The milled and blended raw materials go to a silo and then to the kiln. Reactions which take place as the feed passes through the kiln are reviewed below.
They can be considered under three broad headings:
The decomposition products react with lime to form intermediate compounds which in turn form other compounds as clinkering proceeds.
In wet-process kilns, and their derivatives, water must first be driven off. In a wet-process kiln, calcining takes place after the water has been driven off, about a third of the way down the kiln. In the more modern pre-calciner kilns, the feed is calcined prior to entering the kiln.
In isolation, decarbonation of calcium carbonate at 1 atmosphere takes place at 894 °C. This temperature is reduced to 500 °C - 600 °C if the reaction takes place in contact with quartz or the decomposition products of clay minerals, which react with the calcium oxide as it forms.
In a wet-process or preheater system without a pre-calciner, most of the calcination takes place in the rotary kiln within a moving mass of feed. This situation is not ideal for calcination because heat transfer has to take place through a large mass of material and CO2 has to escape outwards as heat moves inwards.
A pre-calciner calcines the raw
material much more efficiently than a wet-process kiln. Raw meal is
dispersed in the hot gas and calcination takes place in seconds, rather
than the half an hour or so inside a kiln at the same temperature.
Formation of early and intermediate compounds
During calcination, the lime produced starts to react with other components of the raw feed. The initial silicate product is belite. Some calcium aluminate and ferrite phases also start to form.
A number of phases are formed in the clinker feed before the burning zone proper is reached. These intermediate phases dissociate in the burning zone and are not therefore found in clinker but assist in forming the final clinker minerals.
Sulfate melt phase
At intermediate temperatures, sulfates combined with calcium and alkalis form a liquid phase. This is separate from the aluminate and aluminoferrite-based liquid formed in the burning zone - the two liquids are immiscible.
As with the main liquid phase, the sulfate liquid phase contributes to ion mobility and promotes combination.
In the burning zone, above about 1300 °C, reactions take place quickly. The clinker is in the burning zone for perhaps 10-20 minutes but in this time a lot happens:
Clinker liquid and nodule formation
Above about 1300 °C the proportion of liquid starts to increase - by 1450 °C, perhaps 20-30% of the mix is liquid. The liquid forms from melting ferrite and aluminate phases and some belite. The liquid content is more than the sum of the aluminate and ferrite phases in the cooled clinker because of the dissolved lime and silica.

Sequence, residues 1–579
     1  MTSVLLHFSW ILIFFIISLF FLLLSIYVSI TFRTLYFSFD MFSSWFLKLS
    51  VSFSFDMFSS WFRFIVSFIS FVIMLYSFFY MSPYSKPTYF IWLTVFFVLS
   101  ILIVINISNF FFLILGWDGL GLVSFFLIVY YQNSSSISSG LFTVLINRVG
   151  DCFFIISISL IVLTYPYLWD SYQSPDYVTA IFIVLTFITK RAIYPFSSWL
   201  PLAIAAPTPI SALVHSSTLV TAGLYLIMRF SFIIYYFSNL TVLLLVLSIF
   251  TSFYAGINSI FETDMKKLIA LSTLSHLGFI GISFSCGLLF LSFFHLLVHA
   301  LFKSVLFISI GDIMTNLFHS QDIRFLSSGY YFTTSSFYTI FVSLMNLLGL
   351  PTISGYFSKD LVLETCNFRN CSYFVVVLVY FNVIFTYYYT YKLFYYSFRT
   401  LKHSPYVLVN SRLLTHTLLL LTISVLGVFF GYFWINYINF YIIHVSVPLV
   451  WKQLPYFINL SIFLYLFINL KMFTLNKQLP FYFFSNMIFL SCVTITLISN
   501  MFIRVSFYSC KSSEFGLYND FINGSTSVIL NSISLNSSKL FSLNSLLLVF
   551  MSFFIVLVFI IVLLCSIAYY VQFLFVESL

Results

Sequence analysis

The additional liquid causes coalescence of clinker particles, leading to the formation of nodules.
Dissociation of intermediate phases
The intermediate phases dissociate to form mainly belite and liquid.
Alite forms by the transition of some of the belite to alite and also directly from free lime and silica to alite. This occurs rapidly once the clinker temperature is above about 1400 °C.
Evaporation of volatiles
Volatile phases in the cement kiln are principally alkali sulfates, with a much smaller proportion of alkali chlorides. As the part-burned feed approaches the burning zone, these volatile phases are in liquid form and a proportion volatilizes, the remainder passing out of the kiln in the clinker as inclusions within the pores.
The volatilized material passes back down the kiln, where it condenses on the relatively cool incoming feed. It again becomes part of the sulfate melt phase, promoting reactions, and is once again carried within the clinker towards the burning zone.
This recirculating load of alkali and sulfate can occasionally become excessively high. Large quantities of condensing volatiles can then cause blockages in the kiln or in the preheater as the condensed liquid sticks feed particles together, forming accretions.
As the clinker cools, the main liquid phase crystallizes to form aluminate phase, ferrite and a little belite.
Fast cooling of clinker is advantageous - it makes for more hydraulically-reactive silicates and lots of small, intergrown, aluminate and ferrite crystals.
Slow cooling gives less hydraulically-reactive silicates and produces coarse crystals of aluminate and ferrite. Over-large aluminate crystals can lead to erratic cement setting characteristics. Very slow cooling allows alite to decompose to belite and free lime.
Articles like this one can provide a lot of useful material. However, reading an article or two is perhaps not the best way to get a clear picture of a complex process like cement production. To get a more complete and integrated understanding of how cement is made, do have a look at the Understanding Cement book or ebook. This easy-to-read and concise book also contains much more detail on concrete chemistry and deleterious processes in concrete compared with the website.
You are in Reactions in the kiln:
The following pages have more details on clinker composition, reactions in the kiln and cement milling:
Cement notation / Clinker compositional parameters / Bogue calculation /Combinability / Cement milling
Check the Article Directory for more articles on this or related topics